Messages are preferably transmitted by the terminal 125 using the conventional FLEX™ signaling protocol, according to which a radio signal is divided into cycles of one-hundred-twenty-eight (128) frames, each including a predetermined synchronization pattern (sync) and a plurality of words. When the radio signal is to be transmitted at 1600 bits per second, for example, eighty-eight words are included in each FLEX™ frame. These eighty-eight words are usually divided into an address field, which includes address of the pagers 140 to which messages are being transmitted, a vector field following the address field, and a message field in which message information is located. Some addresses, such as those referring numeric or alphanumeric message information, refer to a vector contained in the vector field, which specifies an area within the message field wherein corresponding message information is located.

The controller 210 gathers information to be transmitted during each frame into address, vector, and message fields according to FLEX™ protocol. The information is then coupled to a message buffer 245 for temporarily storing the information until a time for further processing and transmission. Frames are transmitted in numeric sequence, so that while a current frame is being transmitted, information for the next frame to be transmitted is in the message buffer 245, and information for the next frame thereafter is being gathered by the controller 210. At the appropriate time, the information stored in the message buffer 245 is transferred to the encoder 250 for encoding the information into a conventional signaling format such as FLEX™.

The controller 210 next enables a frame sync generator 230, which generates the predetermined sync pattern that is transmitted at the start of each frame transmission. The sync pattern is multiplexed with the encoded information by the serial data splicer 235, which generates a message stream. The message stream is transmitted by a transmitter 240 as a radio signal for reception by pagers 140 located in the geographic region in which service is provided by the sub-system 105.

Referring next to FIG. 3, an example of a subscriber record 280 that can be stored in the subscriber database 255 is depicted. The subscriber record 280 preferably includes pager identification information, which could be a subscriber identification number or an address. The subscriber record 280 further includes addresses associated with a pager 140, types of messages, e.g., numeric, voice, alphanumeric, and tone only, that can be received by the pager 140, and billing information associated with the pager 140. Additionally, a home frame assigned to the pager 140, collapse values, frequencies on which messages can be received, and offset values associated with each frequency are stored in the subscriber record 280. The subscriber record 280 preferably includes all information necessary for processing messages and providing messaging service for a particular pager.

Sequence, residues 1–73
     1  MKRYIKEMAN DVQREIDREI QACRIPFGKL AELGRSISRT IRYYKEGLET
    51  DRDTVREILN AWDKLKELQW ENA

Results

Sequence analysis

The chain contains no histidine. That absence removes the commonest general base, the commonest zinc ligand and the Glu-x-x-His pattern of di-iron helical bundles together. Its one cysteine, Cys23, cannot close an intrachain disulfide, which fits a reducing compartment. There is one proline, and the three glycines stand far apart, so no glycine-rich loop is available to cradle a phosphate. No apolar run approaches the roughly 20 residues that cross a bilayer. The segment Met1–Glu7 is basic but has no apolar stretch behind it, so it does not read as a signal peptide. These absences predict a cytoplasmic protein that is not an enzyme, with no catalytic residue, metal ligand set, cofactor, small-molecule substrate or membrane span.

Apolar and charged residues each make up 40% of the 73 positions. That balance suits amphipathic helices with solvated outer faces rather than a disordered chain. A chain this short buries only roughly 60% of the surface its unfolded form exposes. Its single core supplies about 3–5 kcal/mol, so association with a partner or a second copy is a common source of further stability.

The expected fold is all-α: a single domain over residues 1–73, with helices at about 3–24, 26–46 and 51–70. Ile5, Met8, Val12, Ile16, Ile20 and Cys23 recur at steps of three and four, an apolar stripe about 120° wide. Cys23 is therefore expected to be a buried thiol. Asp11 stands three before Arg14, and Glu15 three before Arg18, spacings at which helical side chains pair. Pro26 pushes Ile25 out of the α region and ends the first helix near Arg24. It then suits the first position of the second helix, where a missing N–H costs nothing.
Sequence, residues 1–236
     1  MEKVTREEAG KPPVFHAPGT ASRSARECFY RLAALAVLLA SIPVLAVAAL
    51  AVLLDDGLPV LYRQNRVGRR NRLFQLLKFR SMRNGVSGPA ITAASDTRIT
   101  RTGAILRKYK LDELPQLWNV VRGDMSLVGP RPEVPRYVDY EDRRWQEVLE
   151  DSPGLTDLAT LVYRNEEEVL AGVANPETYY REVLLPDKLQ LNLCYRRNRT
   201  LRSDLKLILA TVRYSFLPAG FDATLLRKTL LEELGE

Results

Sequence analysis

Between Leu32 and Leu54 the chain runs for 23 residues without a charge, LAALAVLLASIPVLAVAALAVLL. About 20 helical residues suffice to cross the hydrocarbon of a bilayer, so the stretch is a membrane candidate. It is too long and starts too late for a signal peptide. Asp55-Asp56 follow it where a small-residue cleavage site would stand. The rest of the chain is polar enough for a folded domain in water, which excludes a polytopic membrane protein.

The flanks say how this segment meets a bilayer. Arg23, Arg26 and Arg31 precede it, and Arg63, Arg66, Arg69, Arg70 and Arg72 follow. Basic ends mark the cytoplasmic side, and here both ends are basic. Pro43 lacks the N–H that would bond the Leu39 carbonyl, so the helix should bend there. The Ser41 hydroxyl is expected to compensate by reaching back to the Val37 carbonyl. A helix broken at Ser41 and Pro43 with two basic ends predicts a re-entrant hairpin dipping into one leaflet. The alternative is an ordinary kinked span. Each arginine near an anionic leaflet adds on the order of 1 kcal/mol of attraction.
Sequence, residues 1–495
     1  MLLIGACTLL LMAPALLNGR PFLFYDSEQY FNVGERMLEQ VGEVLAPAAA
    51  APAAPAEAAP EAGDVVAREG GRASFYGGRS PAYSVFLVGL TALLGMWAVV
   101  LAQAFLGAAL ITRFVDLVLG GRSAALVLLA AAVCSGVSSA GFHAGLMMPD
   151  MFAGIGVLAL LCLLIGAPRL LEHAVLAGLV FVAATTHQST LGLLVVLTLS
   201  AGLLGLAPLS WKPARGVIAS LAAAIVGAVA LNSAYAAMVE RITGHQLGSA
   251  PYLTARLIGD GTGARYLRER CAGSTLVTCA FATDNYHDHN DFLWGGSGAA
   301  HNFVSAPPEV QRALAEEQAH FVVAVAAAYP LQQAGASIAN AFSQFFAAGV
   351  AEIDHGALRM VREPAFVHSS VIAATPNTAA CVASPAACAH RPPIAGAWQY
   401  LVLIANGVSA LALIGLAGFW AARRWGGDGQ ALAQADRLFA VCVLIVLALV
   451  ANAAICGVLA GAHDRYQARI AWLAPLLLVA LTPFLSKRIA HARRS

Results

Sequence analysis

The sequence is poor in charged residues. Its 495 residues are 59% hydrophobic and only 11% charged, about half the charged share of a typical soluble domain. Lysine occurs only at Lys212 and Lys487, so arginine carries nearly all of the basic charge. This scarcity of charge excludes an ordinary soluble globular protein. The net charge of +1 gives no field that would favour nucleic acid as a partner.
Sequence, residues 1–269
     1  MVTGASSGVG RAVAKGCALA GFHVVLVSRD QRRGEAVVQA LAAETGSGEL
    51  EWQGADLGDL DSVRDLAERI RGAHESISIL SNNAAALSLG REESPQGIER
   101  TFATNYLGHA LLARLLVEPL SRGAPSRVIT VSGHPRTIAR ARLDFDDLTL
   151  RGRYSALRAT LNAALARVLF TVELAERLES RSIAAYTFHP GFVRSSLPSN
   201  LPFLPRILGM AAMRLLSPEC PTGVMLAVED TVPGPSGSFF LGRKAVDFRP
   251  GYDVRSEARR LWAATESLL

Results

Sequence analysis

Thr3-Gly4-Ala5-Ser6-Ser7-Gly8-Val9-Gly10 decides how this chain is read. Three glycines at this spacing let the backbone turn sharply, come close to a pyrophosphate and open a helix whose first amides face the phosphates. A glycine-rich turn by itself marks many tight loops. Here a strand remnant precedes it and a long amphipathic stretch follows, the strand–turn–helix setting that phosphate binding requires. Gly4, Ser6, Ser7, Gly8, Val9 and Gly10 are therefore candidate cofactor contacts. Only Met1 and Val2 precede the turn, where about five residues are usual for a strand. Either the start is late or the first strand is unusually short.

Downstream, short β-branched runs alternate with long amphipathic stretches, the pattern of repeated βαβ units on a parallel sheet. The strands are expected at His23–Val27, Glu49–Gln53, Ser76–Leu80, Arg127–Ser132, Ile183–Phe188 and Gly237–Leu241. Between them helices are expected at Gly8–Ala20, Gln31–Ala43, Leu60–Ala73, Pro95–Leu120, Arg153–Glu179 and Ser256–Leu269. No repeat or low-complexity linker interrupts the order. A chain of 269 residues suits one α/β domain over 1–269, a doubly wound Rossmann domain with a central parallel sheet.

According to the present invention, the home terminal 125 for a pager 140 normally provides messages to the pager 140 in accordance with the subscriber record for that pager 140. When the subscriber of that pager 140 desires to travel to another location and still receive messages, the subscriber calls the terminal 125 and enters information indicative of his travel location. This can be in the form of a city name, a selected service provider, identification information such as an area code or a country code, or any other information sufficient for identification of the sub-system, such as sub-system 115, into which the subscriber intends to roam.

Once the subscriber has relocated, people can contact, such as by telephoning, the local terminal 135 to send a message to the roaming pager 140. Upon determining that the pager 140 carried by the subscriber does not normally receive message from the local terminal 135, the local terminal 135 automatically transmits a record request, including at least pager identification information, to other terminals from which pagers can roam. The home terminal 125 for the pager 140 responds to the record request by automatically transmitting the entire subscriber record for the pager 140 to the local terminal 135. In this manner, the local terminal 135 can store the subscriber record and format the message appropriately for transmission to the roamer. Furthermore, messages thereafter received by the terminal 135 for transmission to the roamer can be advantageously processed without additional communication with the home terminal 125.